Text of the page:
No one knew her shortcomings better than Dorothy herself, as becomes clearer than ever in the publication this week of her journals. She was, she knew, often impatient, sometimes manipulative, could be judgmental, and at times (if sufficiently provoked) could lose her temper. Dorothy was painfully aware that there were those who came to live in community with her who looked back on the experience with more regret than gratitude, nor could she blame them. She also felt that, due to the demands of leading the Catholic Worker movement, she had at times failed at being the mother she so wanted to be. On the other hand, given the circumstances, it’s remarkable how good a mother Dorothy was, and later a devoted grandmother. In 1964 she took off four months to take care of her grandchildren in Vermont while Tamar was taking a course in practical nursing. This is the sort of thing one rarely hears about when people ask what sort of mother Dorothy was.

One of Dorothy’s gifts was that she was never reluctant to apologize when she felt she had been either wrong or too harsh. She could do so with a passion and without reservation. I am among those who received letters from Dorothy in which she begged forgiveness for something she had said or written or done which, on reflection, she deeply regretted. The last such letter I had from her along these lines was spattered with tears that had made the ink run. It had been written, she said, on her knees.

I doubt there has ever been an article written about Dorothy since she died that didn’t include what has become her best known quotation: “Don’t call me a saint. I don’t want to be dismissed so easily.”

There is a real bite in those few words. Mainly the text draws our attention to the problem that canonization has often functioned as a way of distancing ourselves from those who follow Christ too wholeheartedly. We feel less threatened if we can see such people as a race apart with hardly any connection to ordinary human beings. We like to think that saints are possessors of a rare sort of DNA that the rest of us, rank-and-file human beings that we are, didn’t happen to receive.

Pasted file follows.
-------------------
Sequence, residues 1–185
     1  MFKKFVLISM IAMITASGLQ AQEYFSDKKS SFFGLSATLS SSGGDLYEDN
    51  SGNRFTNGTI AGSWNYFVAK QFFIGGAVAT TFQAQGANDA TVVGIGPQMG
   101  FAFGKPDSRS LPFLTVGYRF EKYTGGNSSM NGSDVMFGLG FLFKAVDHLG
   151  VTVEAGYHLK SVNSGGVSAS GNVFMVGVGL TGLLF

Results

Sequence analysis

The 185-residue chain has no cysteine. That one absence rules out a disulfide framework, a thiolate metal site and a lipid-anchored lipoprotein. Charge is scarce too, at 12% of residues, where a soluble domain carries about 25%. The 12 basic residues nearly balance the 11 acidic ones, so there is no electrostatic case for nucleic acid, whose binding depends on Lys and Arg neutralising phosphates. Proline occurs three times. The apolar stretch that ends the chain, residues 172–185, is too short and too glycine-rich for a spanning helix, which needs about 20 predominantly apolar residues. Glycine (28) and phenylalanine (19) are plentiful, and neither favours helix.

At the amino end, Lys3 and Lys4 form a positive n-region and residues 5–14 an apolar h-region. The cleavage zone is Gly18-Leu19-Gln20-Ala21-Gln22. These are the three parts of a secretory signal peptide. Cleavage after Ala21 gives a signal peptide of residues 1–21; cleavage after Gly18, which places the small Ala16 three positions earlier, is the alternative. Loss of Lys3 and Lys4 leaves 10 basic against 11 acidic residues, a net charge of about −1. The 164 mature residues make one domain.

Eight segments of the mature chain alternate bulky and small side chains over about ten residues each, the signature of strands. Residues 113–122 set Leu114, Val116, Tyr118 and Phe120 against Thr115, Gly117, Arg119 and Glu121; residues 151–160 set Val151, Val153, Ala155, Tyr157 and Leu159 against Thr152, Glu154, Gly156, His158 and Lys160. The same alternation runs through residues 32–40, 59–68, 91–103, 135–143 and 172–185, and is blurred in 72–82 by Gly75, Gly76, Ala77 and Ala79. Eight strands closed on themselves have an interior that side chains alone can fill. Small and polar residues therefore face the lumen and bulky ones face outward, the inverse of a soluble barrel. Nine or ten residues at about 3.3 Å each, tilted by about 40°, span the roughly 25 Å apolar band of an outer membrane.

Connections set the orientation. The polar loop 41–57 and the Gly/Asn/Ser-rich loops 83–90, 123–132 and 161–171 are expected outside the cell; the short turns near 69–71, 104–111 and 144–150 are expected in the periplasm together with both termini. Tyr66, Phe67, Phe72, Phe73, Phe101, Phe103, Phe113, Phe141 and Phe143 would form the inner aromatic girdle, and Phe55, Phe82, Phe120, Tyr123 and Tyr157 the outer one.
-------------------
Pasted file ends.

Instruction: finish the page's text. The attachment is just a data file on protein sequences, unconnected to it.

But, if you focus just on the first five words, “don’t call me a saint,” bear in mind that Dorothy had intensely felt private reasons for regarding herself as totally unworthy of having an exalted place in the memory of the Church.

Even so, she strongly believed sanctity is what each of us is called to. In 1968, when Tom Cornell and I were editing the first edition of A Penny a Copy, an anthology of Catholic Worker writings, we read through 35 years of back issues, roughly 400 in all. The front page that most impressed me had a banner headline — the kind of ultra-bold, all-caps headline that in a conventional newspaper would be used only for the assassination of a president or the outbreak of war — that declared “WE ARE ALL CALLED TO BE SAINTS.”

The headline sums up something Dorothy regarded as absolutely basic. Why else would anyone receive communion? Why receive Christ unless you hope to become more Christ-like? Why call yourself a Christian if you have no interest in trying to live the Gospel?

Yet Dorothy also knew that the word “saint” is a damaged word. Many saints had been stripped of a large part of their humanity by well-meaning hagiographers who were more creative writers than historians. They felt it was their religious duty to fictionalize the lives of their subjects, adding edifying tales while removing any mention of sins the saint had to repent of or temperamental characteristics he or she had to fight against day by day. For the most pious of motives, saints have been made into a remote race of people who are far less subject to temptations than Jesus was, people able to perform miracles that make the miracles in the Gospels look like minor achievements. The saint is often thought of as someone who never knew a moment of doubt and never committed a sin from infancy to the grave.